What are we, and who are we?

Superficially thinking, it seems the same: what and who you are; for example, a lawyer, working eight, perhaps ten hours a day, their mind full of laws, legal proceedings, appointments, etc. When somebody ask about her … “who is she?”  the answer probably will be: “a lawyer”.  But when this lawyer arrives at home, he forgets their job and becomes a wife, also a mother, and she is able to play other rules, like a friend, a follower of their local basket team, a sister, etc. We can say she is all of these rules, and at the same time she’s not any of them. What she is is the whole set of roles, also their thoughts, their objects of consciousness, all of those “objects” are what she is, in every moment, because those objects are variable with time. But, who is she indeed?

The individual mind absorbs almost all our consciousness

Imagine a guy in front of a computer; he’s absorbed looking at the screen. The computer is running many programs, and the user is attending them, paying attention one by one, because he’s not able to attend more than one program simultaneously. Sometimes the user starts a new program, sometimes close another, but there are always many programs running; moreover, the computer never stops.

The computer is a metaphor of the individual mind, and the programs are the thoughts; programs are a bit independents, once they are started, they are able to start other programs, in a non-endless activity, like the so called “monkey mind”, because is alike a monkey, jumping from branch to branch without stop, and without any definite purpose. Eventually, the user has very brief moments in which he notice himself as an user, but the feeling quickly dissolves, and the attention returns to the screen.

It happens that from looking and paying constant attention to something external to the subject itself, the user forgets himself, and comes to identify himself with the computer, or with the programs, or both.

A network of individual minds, and the Universal Mind

Some users have noticed their computers are connected with all the other computers in a network; the information, also the programs, are flowing through the net. So they feel connected with the world. As the user was identified with their computer, when he notice all the computers are like one big one, they experience an expansion of awareness, feeling as themselves were all the computers, feeling a sense of wholeness.  Similar with the mind: all the minds are interconnected with other minds and with the environment; realizing it deeply gives us such sense of wholeness. What we are becomes the whole.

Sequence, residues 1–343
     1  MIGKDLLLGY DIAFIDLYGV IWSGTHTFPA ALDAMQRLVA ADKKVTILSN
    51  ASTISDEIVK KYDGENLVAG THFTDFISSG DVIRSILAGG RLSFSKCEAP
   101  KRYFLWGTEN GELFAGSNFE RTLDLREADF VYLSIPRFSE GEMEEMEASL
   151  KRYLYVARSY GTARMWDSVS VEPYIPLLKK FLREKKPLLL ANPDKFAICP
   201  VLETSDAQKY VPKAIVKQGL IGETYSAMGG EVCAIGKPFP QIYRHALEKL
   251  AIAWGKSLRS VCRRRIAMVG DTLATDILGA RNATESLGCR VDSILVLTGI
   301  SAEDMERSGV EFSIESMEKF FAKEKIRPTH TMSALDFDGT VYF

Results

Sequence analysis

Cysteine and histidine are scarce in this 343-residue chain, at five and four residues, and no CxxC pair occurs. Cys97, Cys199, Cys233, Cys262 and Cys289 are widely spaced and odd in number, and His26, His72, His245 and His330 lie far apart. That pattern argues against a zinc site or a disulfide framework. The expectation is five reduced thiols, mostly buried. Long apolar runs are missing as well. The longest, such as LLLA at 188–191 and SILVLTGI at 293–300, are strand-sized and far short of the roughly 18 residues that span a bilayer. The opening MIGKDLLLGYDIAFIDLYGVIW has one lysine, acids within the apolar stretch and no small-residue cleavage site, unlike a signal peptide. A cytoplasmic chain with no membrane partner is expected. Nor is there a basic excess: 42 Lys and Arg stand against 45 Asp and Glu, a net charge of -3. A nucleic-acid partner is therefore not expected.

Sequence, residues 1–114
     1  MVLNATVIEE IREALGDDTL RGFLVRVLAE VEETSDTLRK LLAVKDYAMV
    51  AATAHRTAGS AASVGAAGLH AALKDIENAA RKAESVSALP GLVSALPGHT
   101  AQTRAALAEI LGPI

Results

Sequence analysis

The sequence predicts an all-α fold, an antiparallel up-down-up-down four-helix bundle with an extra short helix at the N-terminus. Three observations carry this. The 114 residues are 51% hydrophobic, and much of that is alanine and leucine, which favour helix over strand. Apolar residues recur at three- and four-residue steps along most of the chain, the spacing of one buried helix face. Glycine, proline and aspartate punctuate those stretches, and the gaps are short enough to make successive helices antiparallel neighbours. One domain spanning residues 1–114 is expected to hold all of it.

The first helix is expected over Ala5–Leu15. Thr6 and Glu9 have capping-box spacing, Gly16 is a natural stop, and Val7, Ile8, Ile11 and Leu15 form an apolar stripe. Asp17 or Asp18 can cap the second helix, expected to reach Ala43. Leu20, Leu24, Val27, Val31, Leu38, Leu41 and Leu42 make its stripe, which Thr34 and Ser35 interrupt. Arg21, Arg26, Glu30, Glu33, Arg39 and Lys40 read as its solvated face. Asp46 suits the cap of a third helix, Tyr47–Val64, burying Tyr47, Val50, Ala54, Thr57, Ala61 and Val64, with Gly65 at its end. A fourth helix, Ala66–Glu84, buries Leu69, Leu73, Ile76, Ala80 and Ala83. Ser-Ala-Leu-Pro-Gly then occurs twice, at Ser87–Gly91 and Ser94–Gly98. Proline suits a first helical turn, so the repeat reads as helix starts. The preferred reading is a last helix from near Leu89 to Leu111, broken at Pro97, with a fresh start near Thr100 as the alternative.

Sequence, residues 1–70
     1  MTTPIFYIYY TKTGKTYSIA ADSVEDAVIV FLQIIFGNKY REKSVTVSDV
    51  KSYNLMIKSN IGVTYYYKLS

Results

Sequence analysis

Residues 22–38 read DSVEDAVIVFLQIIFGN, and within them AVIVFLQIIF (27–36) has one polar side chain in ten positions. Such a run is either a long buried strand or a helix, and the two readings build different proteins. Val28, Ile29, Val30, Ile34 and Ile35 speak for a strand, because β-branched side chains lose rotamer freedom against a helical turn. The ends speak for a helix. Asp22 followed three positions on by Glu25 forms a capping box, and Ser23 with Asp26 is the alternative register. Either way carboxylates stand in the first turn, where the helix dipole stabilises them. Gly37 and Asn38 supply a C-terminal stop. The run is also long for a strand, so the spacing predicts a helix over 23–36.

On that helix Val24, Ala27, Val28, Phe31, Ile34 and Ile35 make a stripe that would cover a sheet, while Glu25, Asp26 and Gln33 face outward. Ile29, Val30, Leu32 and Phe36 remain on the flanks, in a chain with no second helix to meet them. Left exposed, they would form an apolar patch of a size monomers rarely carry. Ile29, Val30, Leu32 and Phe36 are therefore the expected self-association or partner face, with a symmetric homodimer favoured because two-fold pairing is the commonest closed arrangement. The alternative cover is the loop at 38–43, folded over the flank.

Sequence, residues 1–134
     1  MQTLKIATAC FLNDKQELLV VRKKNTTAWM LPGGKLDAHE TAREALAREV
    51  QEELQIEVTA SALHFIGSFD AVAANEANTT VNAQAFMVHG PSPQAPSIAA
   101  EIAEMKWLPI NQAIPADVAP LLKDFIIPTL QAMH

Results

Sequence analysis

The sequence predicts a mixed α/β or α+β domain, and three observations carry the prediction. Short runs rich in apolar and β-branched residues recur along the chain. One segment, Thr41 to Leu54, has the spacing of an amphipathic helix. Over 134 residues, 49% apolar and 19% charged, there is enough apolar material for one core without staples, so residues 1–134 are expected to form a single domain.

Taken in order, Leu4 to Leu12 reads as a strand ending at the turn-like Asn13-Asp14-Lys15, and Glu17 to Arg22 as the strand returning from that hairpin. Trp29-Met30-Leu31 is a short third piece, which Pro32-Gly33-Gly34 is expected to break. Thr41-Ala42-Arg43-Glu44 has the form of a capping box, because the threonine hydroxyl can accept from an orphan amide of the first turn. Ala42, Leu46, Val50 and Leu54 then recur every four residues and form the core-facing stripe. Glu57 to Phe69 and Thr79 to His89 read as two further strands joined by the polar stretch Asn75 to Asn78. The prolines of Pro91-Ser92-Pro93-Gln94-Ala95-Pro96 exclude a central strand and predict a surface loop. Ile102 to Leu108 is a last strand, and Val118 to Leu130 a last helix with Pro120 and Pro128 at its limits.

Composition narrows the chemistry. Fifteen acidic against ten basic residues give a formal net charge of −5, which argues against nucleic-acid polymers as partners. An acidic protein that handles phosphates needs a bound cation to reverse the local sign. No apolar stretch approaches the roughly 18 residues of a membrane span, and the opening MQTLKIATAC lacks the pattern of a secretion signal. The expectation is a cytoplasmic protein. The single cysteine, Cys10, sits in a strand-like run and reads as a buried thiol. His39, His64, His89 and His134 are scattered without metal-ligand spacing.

However, we still are somebody …

Even when our field of consciousness expands and eventually encompasses everything, still there are an observer, the subject, in the middle of the field. The subject always has been there, unobserved; the field are constantly changing, the subject not. Can we define precisely the subject? They are not any of the contents of the consciousness: not thoughts, not emotions, not mind; is beyond. So the subject himself is … nothing! From the point of view of consciousness he’s like a point without dimensions in the middle of the field, containing nothing at all. However, we are him, we are beyond our consciousness, our higher identity is beyond mind. Here I’m stating something I think is very important: even when our consciousness expands and becomes Universal consciousness, we retain our identity, but is a identity  very different from the low identity named ego. Is the Self, the higher Self.

God replied to Moses, “I Am Who I Am. Say this to the people of Israel: I Am has sent me to you.”  Exodus 3:14 – Old Testament – The Bible

Is something similar to this: an identity which simply is, without any attribute.

You have no caste or duties. You are invisible, unattached, formless.
You are the Witness of all things.
Be happy. Ashtavakra Gita



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